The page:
Must-Try: The Black Hoof’s sweet and silky pork carpaccio
Eating raw beef is commonplace in Toronto. But the thought of eating raw pork can be cringe inducing. Unlike beef, raw pork is remarkably sweet, which is probably why Europeans eat it with gusto. At The Black Hoof, chef Jesse Grasso flaunts convention by serving Berkshire pork as carpaccio. He takes supremely marbled pork shoulder and lightly sears it before slicing it tissue-thin. He tops it with foraged maple blossoms — both whole and puréed into a pesto — along with pine nuts for crunch and pickled onions for a spark of acidity. It’s right in line with The Black Hoof mentality: ordering it feels like a dare. The taste, though, could put any beef carpaccio to shame. And for those concerned, human cases of trichinosis — the fear of which leads just about everyone to overcook pork — have been nearly nonexistent in Ontario for the past few decades.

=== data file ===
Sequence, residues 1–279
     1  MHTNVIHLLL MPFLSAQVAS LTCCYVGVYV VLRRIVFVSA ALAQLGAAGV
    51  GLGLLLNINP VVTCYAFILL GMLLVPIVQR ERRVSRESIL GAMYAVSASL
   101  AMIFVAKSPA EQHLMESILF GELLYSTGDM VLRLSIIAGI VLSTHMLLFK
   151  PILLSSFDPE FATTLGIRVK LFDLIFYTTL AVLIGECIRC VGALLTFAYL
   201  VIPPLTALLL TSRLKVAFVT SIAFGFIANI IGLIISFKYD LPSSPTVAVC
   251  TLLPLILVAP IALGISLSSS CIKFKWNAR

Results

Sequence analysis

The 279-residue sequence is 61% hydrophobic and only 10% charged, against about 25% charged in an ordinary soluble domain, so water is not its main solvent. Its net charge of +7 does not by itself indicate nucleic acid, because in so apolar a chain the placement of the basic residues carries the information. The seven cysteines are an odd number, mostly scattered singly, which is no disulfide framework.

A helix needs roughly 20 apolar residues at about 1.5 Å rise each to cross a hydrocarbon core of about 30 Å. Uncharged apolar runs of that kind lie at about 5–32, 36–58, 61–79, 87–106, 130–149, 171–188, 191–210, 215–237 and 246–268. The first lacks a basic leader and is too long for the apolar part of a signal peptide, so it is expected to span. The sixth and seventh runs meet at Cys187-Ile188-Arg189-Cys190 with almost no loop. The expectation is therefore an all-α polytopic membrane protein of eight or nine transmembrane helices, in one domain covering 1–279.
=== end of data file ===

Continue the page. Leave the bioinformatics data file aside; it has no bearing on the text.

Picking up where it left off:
The Black Hoof, 928 Dundas St. W., 416-551-8854